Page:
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Bishop T.D. Jakes, a producer of the new movie Heaven is for Real, said fascination with the story of Colton Burpo, a 4-year-old boy who claims to have glimpsed heaven after a near-death experience, reflects a “growing wonder” in the afterlife that spans religious backgrounds. The Dallas megachurch leader answered emailed questions about the film, which opened in theaters on Wednesday.
Some answers have been edited for length and clarity.
The book on which the film is based was a best-seller and is again. Why do you think it has prompted so much interest?
People are attracted to the simplicity of Colton’s story. The vivid detail and the certainty of his experience are the most compelling elements. I also believe that there is a growing wonder about life after death in our culture. The notion of heaven captures people’s imagination regardless of their religious predisposition. The need to find purpose in life is often driving that curiosity. Believing in the hereafter provides an anchor for the soul, and a resting place for one’s faith.
I also think that people relate to a father wrestling with unbelief, and struggling to find meaning in his son’s experience.
Your previous movies have had predominantly black casts. Is there a reason you’re branching out?
I have always said that I want to make the type of movies that I want to see. I recognized early on that there is a vast movie-going audience that wants to see films on Saturday night or on a Sunday afternoon with their families and not be embarrassed. That task is larger than any one race or people group. To think of that objective in terms of race is to be far too narrow in one’s definition. Building an exceptional body of work was always the objective.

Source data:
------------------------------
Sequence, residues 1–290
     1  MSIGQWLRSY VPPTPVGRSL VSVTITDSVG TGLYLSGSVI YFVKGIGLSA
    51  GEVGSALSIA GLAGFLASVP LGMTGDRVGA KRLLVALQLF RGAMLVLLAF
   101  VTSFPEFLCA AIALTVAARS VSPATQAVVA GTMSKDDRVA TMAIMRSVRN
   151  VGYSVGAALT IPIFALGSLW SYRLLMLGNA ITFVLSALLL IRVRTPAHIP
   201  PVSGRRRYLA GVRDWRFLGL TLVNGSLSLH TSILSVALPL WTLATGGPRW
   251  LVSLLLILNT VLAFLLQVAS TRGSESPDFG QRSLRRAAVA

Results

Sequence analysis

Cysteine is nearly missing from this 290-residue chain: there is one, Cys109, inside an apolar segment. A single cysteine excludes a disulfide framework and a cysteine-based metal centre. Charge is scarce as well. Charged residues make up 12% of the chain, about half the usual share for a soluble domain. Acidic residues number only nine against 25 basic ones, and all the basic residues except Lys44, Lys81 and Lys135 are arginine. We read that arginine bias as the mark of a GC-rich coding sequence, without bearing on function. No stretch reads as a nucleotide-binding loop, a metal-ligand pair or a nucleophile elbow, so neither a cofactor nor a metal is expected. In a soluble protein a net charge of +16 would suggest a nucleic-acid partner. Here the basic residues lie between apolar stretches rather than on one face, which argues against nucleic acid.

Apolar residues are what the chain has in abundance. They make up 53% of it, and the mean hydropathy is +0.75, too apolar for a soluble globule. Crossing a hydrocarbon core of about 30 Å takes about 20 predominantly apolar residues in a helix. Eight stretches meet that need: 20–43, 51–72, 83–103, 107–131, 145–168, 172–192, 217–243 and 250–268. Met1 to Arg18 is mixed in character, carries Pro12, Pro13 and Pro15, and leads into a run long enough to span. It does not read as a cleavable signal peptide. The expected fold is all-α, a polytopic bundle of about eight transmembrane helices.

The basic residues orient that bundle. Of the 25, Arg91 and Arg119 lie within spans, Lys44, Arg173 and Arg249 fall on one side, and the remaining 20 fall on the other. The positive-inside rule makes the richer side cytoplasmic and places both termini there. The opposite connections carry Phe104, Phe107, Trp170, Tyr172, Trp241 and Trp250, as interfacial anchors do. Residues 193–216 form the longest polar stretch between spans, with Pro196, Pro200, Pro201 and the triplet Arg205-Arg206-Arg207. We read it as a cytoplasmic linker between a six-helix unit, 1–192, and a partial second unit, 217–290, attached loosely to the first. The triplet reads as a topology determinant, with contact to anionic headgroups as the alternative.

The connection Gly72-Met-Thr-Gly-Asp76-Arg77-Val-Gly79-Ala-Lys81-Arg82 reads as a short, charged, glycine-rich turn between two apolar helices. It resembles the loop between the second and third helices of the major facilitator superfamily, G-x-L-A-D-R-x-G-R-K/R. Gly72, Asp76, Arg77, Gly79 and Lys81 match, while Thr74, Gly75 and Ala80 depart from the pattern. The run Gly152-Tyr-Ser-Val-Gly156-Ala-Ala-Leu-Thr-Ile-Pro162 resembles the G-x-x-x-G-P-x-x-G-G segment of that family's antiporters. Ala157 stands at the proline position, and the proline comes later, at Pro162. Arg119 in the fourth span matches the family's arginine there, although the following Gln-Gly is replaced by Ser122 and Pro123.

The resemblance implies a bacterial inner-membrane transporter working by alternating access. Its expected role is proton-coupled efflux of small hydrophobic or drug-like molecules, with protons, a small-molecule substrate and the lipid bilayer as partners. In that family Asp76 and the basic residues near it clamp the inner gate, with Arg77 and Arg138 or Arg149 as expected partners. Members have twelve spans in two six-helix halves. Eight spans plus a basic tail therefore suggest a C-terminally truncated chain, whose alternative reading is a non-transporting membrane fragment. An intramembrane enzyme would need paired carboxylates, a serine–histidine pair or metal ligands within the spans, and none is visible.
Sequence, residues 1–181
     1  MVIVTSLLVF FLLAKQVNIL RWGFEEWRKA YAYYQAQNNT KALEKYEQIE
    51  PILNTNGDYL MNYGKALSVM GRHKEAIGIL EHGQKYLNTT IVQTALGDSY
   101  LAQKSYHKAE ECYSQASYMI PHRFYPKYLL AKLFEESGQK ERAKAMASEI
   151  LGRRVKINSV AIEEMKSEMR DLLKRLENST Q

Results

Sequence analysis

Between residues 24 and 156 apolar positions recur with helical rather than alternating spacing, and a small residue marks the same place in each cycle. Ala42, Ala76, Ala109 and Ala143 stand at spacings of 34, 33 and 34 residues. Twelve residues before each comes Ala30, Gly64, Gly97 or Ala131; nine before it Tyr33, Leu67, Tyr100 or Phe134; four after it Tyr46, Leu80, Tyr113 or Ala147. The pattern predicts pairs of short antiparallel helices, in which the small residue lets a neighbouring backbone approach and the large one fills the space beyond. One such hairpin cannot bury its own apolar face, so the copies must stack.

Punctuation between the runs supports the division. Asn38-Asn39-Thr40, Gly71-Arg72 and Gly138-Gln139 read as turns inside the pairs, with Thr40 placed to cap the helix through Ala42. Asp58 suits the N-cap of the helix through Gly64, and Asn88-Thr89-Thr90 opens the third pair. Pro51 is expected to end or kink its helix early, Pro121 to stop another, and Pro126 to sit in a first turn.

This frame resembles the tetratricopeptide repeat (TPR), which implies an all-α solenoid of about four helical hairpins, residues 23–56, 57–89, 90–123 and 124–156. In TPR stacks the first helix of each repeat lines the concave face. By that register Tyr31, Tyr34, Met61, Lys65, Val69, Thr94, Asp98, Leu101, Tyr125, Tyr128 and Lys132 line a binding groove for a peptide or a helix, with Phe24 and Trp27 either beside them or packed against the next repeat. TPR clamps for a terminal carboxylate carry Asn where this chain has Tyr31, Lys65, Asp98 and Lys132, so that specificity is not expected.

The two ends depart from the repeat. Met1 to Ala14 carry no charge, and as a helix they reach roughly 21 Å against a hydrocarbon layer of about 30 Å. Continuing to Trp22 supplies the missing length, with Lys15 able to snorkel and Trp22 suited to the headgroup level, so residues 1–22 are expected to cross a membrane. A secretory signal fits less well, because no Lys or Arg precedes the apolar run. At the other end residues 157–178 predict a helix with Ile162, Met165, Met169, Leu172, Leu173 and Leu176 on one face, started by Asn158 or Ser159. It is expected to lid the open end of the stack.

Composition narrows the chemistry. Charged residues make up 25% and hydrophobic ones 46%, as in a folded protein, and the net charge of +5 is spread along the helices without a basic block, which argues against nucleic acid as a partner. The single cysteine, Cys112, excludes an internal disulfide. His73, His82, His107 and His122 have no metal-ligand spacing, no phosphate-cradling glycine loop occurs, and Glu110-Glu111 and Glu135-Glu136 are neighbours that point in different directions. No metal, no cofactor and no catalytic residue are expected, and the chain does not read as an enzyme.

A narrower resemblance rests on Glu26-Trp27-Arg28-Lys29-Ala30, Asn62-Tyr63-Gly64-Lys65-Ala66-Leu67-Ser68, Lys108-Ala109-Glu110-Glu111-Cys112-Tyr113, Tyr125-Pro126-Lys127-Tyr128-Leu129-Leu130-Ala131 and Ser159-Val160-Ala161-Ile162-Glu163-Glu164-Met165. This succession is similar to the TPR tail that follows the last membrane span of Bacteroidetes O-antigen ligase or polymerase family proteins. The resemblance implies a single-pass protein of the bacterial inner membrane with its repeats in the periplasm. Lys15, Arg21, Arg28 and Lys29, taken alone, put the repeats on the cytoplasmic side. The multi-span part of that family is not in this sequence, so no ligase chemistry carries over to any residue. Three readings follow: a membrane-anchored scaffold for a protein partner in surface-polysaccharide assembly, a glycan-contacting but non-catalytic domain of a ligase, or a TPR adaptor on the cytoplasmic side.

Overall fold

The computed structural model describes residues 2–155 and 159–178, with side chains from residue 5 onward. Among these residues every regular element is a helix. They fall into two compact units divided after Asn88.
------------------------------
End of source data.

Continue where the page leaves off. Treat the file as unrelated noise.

My casts to date have reflected the story that was being told and from a perspective that is not often represented in American cinema. There are still far too few scripted roles for actors of color. In the faith space, actors of color are rarer still. I am delighted that Heaven Is for Real will reach a larger audience and provide additional opportunities to speak to people that don’t look like me or think like me. Jesus said to go into all of the world, to preach the gospel. He didn’t send me just to the black world.
Do you think Heaven Is for Real will answer people’s questions, or prompt them to ask more?
I think that the role of the moviemaker is to prompt people to ask questions, to leave the theaters with perhaps just as many questions as answers so that they may continue to explore and to seek answers to life’s mysteries. You can’t solve the world’s problems in 90 minutes. What you can do is set the context, provide the ammunition and hope that people carry the task forward, especially now as this movie comes out Easter weekend. We want people to explore the death, burial and resurrection of Christ.
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